Hundreds of Afghan special forces soldiers who were abandoned by Britain despite risking their lives to fight against the Taliban are finally set to be given sanctuary in the UK.
About 400 soldiers who served in two specialist units will have their applications to settle in the UK reviewed after the Ministry of Defence decided to change how it assesses their claims.
Some Afghan soldiers have been subjected to torture and murder at the hands of the Taliban after being denied help by the UK Government, despite extensive evidence showing they were paid, trained and worked “shoulder to shoulder” with British special forces.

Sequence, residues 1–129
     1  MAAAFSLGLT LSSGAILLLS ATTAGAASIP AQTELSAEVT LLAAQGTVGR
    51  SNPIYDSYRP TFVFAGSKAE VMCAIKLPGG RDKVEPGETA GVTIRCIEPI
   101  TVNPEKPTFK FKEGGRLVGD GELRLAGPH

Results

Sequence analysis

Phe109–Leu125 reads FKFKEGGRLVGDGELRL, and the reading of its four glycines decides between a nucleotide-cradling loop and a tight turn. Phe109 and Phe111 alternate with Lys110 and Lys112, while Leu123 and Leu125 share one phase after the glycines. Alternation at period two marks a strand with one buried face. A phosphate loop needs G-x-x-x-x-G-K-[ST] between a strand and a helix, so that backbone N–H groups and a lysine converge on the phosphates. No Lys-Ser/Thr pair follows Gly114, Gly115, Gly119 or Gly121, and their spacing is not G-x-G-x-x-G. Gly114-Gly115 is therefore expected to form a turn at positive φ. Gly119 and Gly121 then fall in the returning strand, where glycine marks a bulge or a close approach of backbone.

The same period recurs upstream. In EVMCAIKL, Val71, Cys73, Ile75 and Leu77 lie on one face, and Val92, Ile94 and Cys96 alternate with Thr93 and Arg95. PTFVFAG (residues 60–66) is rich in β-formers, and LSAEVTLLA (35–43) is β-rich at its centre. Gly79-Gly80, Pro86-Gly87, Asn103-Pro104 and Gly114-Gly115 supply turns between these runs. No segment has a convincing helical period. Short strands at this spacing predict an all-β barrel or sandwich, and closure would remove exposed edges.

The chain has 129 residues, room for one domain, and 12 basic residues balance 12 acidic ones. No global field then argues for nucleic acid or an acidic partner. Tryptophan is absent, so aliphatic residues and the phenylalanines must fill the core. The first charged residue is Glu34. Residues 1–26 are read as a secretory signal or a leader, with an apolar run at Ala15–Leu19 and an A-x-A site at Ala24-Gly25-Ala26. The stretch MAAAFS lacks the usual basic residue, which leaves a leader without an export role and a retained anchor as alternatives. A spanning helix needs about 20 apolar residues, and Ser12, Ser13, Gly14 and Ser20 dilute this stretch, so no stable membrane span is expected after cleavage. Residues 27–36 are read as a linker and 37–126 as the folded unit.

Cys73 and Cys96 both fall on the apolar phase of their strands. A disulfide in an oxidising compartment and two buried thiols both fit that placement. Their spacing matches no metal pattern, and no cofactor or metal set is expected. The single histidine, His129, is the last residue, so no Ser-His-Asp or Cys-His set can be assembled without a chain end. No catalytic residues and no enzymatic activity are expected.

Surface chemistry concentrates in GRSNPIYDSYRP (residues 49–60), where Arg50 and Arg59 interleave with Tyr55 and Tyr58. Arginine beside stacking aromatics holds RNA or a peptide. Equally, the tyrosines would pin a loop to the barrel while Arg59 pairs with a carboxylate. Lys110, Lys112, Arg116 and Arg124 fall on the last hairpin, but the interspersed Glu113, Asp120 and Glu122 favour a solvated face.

The two units are known as the Triples because their full titles are the Afghan Commando Force 333 and Afghan Territorial Force 444.
Announcing the review in the Commons, James Heappey, the defence minister, admitted some decisions rejecting the former soldiers’ applications for relocation were “not robust”.
“A recent review of processes around eligibility decisions demonstrated instances of inconsistent application of the Arap (Afghan Relocations and Assistance Policy) criteria in certain cases,” he told MPs.
“We will now work quickly to make sure that these decisions are reviewed, and cases and decisions changed if that is necessary. Undoubtedly there have been some decisions made that are not robust and need to be reviewed.”